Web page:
The 10 weirdest subliminal moments in movie history

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Not to state the obvious, but cinema is a visual medium first and foremost, not that it prevents filmmakers from inserting a hidden message or two that won’t be discovered upon first viewing.

Whether it’s to further a thematic meaning, enhance the narrative’s message, serve as an act of rebellion, or be done for no other reason than shits and giggles, there’s no shortage of subliminal shots added into movies that will almost certainly be imperceptible.

Of course, advances in technology mean these things are easier to discover than ever before, but that wasn’t the case when the majority of the most bizarre subliminal moments were stealthily added in post-production by directors and editors.

Everyone knows about the ghostly face of Norma Bates being superimposed over her son Norman’s face at the end of Psycho, but that’s nowhere near being the oddest subliminal slice of cinematic history.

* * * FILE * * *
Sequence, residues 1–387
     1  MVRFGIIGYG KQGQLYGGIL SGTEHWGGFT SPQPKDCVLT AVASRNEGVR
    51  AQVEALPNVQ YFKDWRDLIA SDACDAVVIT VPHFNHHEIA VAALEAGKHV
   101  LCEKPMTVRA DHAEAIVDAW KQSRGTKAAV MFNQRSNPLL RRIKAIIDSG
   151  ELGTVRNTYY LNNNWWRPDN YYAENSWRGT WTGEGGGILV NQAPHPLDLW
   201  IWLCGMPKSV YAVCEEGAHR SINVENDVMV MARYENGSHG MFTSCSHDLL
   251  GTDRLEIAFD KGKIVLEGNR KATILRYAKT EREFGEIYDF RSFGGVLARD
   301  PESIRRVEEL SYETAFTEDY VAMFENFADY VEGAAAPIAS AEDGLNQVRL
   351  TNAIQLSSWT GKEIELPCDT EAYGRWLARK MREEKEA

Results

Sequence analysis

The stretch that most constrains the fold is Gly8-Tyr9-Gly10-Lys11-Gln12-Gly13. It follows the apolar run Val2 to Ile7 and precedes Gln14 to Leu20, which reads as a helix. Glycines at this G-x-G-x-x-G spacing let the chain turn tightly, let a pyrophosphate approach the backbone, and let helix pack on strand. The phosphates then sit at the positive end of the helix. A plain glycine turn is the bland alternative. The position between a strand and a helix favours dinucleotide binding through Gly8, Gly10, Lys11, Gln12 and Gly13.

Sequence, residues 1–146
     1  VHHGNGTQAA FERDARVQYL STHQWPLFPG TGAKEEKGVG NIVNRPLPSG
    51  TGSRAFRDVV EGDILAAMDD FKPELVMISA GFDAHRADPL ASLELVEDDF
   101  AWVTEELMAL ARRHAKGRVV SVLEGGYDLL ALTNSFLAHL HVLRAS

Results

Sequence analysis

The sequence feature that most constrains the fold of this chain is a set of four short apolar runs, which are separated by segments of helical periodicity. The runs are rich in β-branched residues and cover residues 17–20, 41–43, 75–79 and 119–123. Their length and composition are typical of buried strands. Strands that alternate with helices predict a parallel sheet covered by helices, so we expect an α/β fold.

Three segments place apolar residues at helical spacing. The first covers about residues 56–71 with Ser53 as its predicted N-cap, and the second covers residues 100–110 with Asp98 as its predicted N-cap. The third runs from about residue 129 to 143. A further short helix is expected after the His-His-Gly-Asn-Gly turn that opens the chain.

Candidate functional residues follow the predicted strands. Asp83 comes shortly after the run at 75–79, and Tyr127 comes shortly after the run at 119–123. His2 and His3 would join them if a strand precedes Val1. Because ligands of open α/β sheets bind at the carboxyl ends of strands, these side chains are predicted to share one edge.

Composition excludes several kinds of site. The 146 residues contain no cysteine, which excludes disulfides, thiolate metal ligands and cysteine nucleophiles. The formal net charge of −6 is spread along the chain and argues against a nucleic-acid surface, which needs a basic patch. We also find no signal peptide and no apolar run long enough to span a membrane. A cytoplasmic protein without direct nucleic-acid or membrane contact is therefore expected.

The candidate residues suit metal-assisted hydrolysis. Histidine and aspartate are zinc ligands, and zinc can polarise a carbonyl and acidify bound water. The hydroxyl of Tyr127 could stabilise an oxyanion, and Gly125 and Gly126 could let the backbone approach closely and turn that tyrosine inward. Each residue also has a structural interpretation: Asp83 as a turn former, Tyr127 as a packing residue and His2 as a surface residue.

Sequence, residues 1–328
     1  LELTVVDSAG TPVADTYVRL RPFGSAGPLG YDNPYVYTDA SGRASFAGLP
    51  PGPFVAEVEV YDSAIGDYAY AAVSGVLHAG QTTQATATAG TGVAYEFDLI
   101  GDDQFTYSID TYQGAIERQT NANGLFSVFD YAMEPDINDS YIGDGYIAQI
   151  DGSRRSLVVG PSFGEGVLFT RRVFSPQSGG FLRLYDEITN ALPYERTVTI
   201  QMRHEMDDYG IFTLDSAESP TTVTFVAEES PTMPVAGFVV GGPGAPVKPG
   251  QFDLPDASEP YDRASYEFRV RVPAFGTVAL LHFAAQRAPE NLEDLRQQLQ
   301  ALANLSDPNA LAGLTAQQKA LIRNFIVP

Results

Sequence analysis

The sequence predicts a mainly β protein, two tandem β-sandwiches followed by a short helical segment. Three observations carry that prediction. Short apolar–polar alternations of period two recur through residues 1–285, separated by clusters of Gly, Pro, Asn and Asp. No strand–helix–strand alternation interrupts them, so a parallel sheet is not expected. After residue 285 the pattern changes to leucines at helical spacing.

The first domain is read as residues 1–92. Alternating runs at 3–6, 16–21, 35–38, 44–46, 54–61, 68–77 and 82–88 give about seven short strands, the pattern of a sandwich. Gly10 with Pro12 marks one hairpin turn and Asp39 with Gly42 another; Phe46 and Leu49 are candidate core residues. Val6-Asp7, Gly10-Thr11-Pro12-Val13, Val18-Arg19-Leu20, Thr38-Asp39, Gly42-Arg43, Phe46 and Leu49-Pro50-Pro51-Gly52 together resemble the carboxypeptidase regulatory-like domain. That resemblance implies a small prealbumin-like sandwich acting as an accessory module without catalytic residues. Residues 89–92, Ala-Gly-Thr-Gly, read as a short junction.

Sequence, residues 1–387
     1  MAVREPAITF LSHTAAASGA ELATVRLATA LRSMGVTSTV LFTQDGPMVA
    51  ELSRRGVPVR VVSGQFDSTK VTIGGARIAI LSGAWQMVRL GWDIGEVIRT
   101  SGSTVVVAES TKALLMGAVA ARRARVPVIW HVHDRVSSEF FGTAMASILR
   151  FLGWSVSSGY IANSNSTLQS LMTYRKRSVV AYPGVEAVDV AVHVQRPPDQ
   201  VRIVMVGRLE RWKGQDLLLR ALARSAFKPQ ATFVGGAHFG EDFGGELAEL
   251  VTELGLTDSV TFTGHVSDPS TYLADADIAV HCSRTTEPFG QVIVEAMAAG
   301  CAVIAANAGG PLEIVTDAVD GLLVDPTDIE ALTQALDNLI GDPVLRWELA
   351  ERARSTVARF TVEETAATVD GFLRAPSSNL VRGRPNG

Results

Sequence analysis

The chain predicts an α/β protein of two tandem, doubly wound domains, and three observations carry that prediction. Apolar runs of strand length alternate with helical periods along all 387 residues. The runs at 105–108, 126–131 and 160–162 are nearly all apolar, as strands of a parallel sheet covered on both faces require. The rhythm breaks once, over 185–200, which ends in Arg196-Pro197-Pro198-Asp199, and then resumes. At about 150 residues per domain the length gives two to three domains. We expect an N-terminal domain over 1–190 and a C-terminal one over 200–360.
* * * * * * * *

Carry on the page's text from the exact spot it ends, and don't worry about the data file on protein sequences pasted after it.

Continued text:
Weird subliminal movie moments:

10. The Exorcist (William Friedkin, 1973)

One of the most famous and unsettling examples of subliminal messaging being surreptitiously added into a movie comes in The Exorcist, making a mockery of the belief audiences never actually get to see the demonic Pazuzu in all of his glory.

Linda Blair’s Regan makes repeated references to ‘Captain Howdy’ during the film, and director William Friedkin ensures the entity’s presence is felt. Pazuzu appears for three frames during the possessed child’s medical exam, and then again during dream sequences, and once more in the kitchen scene.

In an age where the ability to painstakingly comb through frames to find hidden meanings didn’t exist, Pazuzu even being part of The Exorcist in a visual capacity was widely debated until Friedkin’s sneakiness was uncovered, with the ghoul now a staple part of the film’s enduring mythology.

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9. The Matrix Reloaded (The Wachowskis, 2003)

The Wachowskis never hid the spiritual, philosophical, and existential undertones to their seminal sci-fi masterpiece, but besides Neo being ‘VR Jesus’, the religious parables were never too on-the-nose.

However, in the sequel, the filmmakers made some subliminal nods towards those biblical parallels through the unassuming means of vehicular licence plates during the standout freeway chase, which reflected many of the underlying themes and motivations of the characters.